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Thousands rally for immigration reform at National Mall, hundreds arrested

Andrés Rodriguez
Close to 15,000 people rally for comprehensive immigration reform Tuesday at the National Mall. The march ended in front of the Capitol where officials say about 200 were arrested in an act of civil disobedience.

WASHINGTON – Hoping to pressure Congress into passing immigration reform, close to 15,000 protesters marched Tuesday from the National Mall to the Capitol steps, where a number of democratic congressmen and activists were arrested in an act of civil disobedience.

Approximately 200 arrests were made by U.S. Capitol Police on First Street, between Maryland Avenue SW and Pennsylvania Avenue NW. The arrests, which were made as crowds chanted in Spanish, “Yes, we can,” lasted into the evening. Capitol Police Public Information Officer, Shennell Antrobus, said the arrests were made because the crowd was “crowding, obstructing and incommoding.”

Members of Congress arrested include Raul Grijalva, D-Ariz.; Luis Gutierrez, D-Ill.; John Lewis, D-Ga.; Keith Ellison, D-Minn.; Charlie Rangel; D-N.Y.; Jan Schakiwsky, D-Ill.; Al Green, D-Texas and Joseph Crawley, D-N.Y.

Brenda Perez, 29, of Nashville, Tenn, was among those arrested. She traveled to D.C. from Nashville withWorkers Dignity, a low-wage worker center that organizes against economic injustices.

“We know a lot of immigrants don’t get paid the right wages cause people think they can exploit them because they’re immigrants,” Perez who’s originally from Matamoros, Mexico, said. “It’s the first time I’m doing it and I’m a bit nervous, but I’ve been in this country since I was six and I can’t have that fear anymore.”

Pullquote Photo

I’ve been in this country since I was six and I can’t have that fear anymore.

— Brenda Perez


Gustavo Torres, executive director of Casa de Maryland, a community organization which partly organized the event, said the time is now for immigration reform as the crowd surrounding the stage chanted in agreement.

“In our country, because this is our country, there is a clear consensus which has produced a diverse and ample movement,” he said. “Now is the time for immigration reform. Now is the time because families continue to be torn apart, and if not now then when?”

The event featured a free concert with the Norteño Mexican band Los Tigres del Norte and Lila Downs, who sang of the struggle of undocumented immigrants.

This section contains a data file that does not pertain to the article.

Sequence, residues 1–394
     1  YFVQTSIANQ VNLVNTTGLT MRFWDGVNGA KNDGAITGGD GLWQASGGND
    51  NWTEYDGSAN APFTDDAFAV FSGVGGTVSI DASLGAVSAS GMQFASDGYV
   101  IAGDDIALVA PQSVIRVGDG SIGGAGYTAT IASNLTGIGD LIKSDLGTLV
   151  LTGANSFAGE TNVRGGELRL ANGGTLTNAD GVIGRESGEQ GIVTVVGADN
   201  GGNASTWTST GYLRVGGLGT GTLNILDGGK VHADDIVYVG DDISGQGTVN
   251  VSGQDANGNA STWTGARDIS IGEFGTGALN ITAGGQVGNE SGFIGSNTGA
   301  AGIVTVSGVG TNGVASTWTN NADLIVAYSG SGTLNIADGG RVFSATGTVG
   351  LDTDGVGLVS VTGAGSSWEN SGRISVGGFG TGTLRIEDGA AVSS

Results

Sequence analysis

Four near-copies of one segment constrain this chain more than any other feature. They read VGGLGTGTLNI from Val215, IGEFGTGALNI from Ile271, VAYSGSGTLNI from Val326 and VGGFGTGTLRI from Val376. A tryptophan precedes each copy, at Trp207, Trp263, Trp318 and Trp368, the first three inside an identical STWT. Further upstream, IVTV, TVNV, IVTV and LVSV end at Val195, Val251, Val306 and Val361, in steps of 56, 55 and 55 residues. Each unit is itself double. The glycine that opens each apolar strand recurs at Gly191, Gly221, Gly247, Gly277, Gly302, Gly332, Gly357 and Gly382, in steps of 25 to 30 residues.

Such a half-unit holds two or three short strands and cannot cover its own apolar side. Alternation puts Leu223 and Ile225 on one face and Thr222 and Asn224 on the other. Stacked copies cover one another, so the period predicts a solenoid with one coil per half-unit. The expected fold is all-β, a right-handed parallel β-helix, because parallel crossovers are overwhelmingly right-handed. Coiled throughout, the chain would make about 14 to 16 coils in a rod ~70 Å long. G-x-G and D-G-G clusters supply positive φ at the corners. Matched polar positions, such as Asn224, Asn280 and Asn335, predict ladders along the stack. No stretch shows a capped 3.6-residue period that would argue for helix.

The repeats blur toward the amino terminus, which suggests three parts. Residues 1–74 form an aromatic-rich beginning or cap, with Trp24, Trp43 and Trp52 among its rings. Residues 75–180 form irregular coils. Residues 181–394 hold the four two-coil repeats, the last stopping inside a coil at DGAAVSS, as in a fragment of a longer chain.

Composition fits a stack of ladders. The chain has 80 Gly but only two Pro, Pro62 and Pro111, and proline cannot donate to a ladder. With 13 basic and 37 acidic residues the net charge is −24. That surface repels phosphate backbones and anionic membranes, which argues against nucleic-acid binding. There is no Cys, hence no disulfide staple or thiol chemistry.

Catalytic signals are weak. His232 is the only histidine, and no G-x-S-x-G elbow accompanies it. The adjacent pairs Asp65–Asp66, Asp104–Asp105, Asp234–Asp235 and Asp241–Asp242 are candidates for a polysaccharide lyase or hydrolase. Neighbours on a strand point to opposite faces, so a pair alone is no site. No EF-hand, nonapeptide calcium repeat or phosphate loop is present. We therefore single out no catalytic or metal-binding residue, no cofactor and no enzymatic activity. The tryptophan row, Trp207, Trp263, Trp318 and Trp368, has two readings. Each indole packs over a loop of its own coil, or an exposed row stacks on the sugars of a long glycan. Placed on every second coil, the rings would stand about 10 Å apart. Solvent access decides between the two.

Fidel Moreno Chavez, 55, sang along with Los Tigres del Norte and screamed for them to sing “El Dolor de un Padre.” Moreno, who came to the U.S. from Guerrero, Mexico in 1997, held a sign that decried his son’s deportation in 2011. His son of 32 lived in the U.S. for eight years.

“He was deported only because he didn’t have a license,” Moreno said. “He left children and a wife.”

Brenda Suarez, 27, of Essex, Mass., hasn’t seen her daughters in nine years, she said. She left Jalisco, Mexico in 2004.

“We just want them to say yes to immigration reform,” Suarez said. “And we’re just fighting like everyone else here because that’s all we want; we want it to become law now.”

The comprehensive immigration reform proposal that the Senate passed in the summer remains stalled. Thursday, House Democrats introduced their own bill, similar to the Gang of Eight’s, but Speaker of the House John Boehner has said he won’t allow for a vote on the floor if a majority of Republicans oppose it.

Still, Nancy Pelosi, D-Calif., said at the rally comprehensive reform will pass.

“The time is now for equality and opportunity and for every immigrant to have a fair shot at the American dream.” Pelosi, the House minority leader, said. “We want a vote on the floor, because the time for immigration reform is now.”

Reach reporter Andrés Rodríguez at [email protected] or 202-326-9871.

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Thousands rally for immigration reform at National Mall, hundreds arrested